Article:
“Both education and religion need to ground themselves within the story of the Universe as we now understand this story through empirical knowledge. Within this functional cosmology, we can overcome our alienation and begin the renewal of life on a sustainable basis. This story is a numinous revelatory story that could evoke the vision and the energy required to bring not only ourselves but the entire planet into a new order of magnificence.”

“It’s all a question of story. We are in trouble just now because we are in between stories. The Old Story—the account of how the world came to be and how we fit into it—sustained us for a long time. It shaped our emotional attitudes, provided us with life purpose, energized action, consecrated suffering, integrated knowledge, guided education. We awoke in the morning and knew where we were. We could answer the questions of our children. We could identify crime, punish transgressors. Everything was taken care of because the story was there. But now it is no longer functioning properly, and we have not yet learned the New Story.”

“Our present urgency is to recover a sense of the primacy of the Universe as our fundamental context, and the primacy of the Earth as the matrix from which life has emerged and on which life depends. Recovering this sense is essential to establishing the framework for mutually enhancing human–Earth relations for the flourishing of life on the planet.”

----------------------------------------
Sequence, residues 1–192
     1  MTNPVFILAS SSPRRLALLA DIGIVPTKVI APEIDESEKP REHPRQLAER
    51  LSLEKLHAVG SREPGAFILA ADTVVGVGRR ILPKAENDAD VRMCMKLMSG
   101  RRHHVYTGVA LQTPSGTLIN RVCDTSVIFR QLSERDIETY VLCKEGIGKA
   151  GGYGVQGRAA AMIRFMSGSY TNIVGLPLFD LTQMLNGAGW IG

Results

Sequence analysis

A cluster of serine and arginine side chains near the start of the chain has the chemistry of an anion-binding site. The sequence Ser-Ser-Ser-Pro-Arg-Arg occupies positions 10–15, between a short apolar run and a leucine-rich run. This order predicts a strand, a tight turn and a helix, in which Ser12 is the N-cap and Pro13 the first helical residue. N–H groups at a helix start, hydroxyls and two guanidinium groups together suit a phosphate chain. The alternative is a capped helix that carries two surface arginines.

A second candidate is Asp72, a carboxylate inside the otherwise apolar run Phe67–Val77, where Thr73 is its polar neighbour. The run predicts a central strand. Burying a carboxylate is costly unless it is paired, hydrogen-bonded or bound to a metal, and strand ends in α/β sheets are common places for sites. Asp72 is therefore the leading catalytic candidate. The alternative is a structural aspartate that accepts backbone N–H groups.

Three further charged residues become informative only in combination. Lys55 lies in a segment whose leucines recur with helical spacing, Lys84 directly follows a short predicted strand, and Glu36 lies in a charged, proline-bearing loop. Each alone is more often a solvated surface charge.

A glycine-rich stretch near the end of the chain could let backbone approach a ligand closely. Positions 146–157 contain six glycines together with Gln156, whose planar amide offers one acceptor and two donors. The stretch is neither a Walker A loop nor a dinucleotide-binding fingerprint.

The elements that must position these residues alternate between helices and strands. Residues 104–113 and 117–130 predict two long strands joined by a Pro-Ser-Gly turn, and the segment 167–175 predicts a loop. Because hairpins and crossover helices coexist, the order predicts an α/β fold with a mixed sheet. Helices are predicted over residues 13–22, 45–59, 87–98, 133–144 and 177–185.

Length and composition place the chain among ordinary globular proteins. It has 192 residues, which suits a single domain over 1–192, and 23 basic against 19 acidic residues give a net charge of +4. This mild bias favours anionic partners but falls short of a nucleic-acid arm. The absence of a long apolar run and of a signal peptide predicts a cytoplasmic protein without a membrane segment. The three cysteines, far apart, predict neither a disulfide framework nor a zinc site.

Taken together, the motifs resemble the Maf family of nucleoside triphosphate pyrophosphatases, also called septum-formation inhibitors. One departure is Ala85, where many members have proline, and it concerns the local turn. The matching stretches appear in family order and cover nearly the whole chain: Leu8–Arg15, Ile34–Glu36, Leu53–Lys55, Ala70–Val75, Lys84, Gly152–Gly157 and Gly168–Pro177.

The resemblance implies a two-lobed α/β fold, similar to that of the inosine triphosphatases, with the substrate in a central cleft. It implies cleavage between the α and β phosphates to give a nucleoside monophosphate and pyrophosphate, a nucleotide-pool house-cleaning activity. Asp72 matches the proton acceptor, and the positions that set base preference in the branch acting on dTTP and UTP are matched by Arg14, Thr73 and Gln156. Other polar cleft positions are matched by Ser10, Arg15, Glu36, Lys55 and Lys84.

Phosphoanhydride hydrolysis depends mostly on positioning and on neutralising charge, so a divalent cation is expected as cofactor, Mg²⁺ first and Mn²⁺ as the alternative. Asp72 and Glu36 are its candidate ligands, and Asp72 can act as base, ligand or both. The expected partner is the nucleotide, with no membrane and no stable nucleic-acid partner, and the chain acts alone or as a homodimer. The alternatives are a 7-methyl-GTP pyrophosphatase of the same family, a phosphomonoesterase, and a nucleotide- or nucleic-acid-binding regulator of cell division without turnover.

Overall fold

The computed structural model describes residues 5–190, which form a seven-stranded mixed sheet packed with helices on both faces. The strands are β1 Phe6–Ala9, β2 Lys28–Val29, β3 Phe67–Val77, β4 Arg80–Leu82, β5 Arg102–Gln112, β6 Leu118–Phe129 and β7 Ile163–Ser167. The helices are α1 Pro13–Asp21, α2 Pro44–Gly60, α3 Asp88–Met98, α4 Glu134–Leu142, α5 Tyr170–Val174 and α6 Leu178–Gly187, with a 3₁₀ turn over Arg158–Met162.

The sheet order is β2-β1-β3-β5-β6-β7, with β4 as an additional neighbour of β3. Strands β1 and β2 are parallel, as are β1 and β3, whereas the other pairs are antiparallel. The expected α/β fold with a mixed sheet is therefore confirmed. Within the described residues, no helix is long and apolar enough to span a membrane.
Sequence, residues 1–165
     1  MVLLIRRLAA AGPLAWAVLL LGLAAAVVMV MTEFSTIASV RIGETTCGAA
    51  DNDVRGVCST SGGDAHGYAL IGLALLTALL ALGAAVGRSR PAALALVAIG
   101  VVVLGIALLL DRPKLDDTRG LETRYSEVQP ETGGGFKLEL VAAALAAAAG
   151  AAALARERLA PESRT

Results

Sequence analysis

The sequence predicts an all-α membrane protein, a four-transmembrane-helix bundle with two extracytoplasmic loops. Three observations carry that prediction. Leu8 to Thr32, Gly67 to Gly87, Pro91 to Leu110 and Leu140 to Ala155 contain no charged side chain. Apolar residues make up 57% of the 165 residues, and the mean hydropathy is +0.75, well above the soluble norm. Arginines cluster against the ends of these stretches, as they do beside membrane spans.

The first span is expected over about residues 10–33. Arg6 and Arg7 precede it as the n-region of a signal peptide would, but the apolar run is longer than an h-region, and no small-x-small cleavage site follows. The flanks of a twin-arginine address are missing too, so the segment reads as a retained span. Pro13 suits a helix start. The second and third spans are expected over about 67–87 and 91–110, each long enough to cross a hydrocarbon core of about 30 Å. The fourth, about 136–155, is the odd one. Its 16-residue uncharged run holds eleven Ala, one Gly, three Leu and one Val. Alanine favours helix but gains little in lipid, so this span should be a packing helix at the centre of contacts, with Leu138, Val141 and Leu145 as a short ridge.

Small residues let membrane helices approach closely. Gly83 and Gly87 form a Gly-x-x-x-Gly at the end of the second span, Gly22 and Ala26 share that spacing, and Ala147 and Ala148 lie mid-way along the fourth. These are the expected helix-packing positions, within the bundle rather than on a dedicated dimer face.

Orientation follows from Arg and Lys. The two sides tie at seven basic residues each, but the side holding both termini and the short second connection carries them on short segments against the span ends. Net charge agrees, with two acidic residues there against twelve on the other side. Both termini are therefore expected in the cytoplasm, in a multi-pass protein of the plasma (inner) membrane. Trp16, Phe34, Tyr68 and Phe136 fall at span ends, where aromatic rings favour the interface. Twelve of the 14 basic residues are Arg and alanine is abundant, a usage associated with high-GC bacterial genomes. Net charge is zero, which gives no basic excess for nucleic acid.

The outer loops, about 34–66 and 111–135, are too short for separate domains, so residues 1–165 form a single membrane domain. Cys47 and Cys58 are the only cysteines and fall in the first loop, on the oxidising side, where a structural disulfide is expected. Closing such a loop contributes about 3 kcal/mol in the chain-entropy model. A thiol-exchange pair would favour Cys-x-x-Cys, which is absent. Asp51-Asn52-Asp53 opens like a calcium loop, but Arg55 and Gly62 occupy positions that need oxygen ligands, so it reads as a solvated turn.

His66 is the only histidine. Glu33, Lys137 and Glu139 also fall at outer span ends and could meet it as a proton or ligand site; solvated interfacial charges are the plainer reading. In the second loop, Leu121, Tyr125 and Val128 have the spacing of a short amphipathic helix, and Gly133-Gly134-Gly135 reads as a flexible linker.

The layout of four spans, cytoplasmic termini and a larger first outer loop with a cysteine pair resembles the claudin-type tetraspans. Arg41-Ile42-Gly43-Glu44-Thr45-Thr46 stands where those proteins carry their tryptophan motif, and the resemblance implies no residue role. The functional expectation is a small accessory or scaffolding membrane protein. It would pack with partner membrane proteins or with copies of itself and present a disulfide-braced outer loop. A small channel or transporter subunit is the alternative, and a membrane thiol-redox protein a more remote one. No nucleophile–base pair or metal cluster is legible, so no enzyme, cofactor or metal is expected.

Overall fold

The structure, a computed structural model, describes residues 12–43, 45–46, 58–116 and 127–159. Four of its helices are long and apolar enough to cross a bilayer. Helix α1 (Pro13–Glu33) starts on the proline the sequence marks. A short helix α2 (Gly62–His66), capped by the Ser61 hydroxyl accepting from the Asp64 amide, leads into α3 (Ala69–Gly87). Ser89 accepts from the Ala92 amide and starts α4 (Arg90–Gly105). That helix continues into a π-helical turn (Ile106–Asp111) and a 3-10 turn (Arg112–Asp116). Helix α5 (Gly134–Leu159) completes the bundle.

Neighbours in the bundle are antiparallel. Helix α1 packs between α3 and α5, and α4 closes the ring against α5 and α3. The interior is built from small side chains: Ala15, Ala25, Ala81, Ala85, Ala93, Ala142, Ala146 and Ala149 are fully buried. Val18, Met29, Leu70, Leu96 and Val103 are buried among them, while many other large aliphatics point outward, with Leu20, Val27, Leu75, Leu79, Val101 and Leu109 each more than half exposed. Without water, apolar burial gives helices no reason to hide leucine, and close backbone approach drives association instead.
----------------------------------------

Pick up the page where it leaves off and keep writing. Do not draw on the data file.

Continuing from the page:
“We have a new story of the Universe. Our own presence to the Universe depends on our human identity with the entire cosmic process. In its human expression the Universe and the entire range of earthly and heavenly phenomena celebrate themselves and the ultimate mystery of their existence in a special exaltation. . . . Science has given us a new revelatory experience. It is now giving us a new intimacy with the Earth.”

“If the Rhine, the Yellow, the Mississippi rivers are changed to poison, so too are the rivers in the trees, in the birds, and in the humans changed to poison, almost simultaneously. There is only one river on the planet Earth and it has multiple tributaries, many of which flow through the veins of sentient creatures.”

“All human activities, professions, programs, and institutions must henceforth be judged primarily by the extent to which they inhibit, ignore, or foster a mutually enhancing human/Earth relationship.”

“The basic mood of the future might well be one of confidence in the continuing revelation that takes place in and through the Earth. If the dynamics of the Universe from the beginning shaped the course of the heavens, lighted the Sun, and formed the Earth, if this same dynamism brought forth the continents and seas and atmosphere, if it awakened life in the primordial cell and then brought into being the unnumbered variety of living beings, and finally brought us into being and guided us safely through the turbulent centuries, there is reason to believe that this same guiding process is precisely what has awakened in us our present understanding of ourselves and our relation to this stupendous process. Sensitized to such guidance from the very structure and functioning of the Universe, we can have confidence in the future that awaits the human venture.”

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About Bob OHearn

My name is Bob O'Hearn, and I live with my Beloved Mate, Mazie, in the foothills of the Northern California Sierra Nevada Mountains. I have several other sites you may enjoy: Photo Gallery: http://www.pbase.com/1heart Essays on the Conscious Process: http://theconsciousprocess.wordpress.com/ Poetry and Prosetry: http://feelingtoinfinity.wordpress.com/ Writings from selected Western Mystics, Classic and Modern: https://westernmystics.wordpress.com/ https://freetransliterations.wordpress.com/ Wisdom of a Spirit Guide: https://spiritguidesparrow.wordpress.com/ Thank You!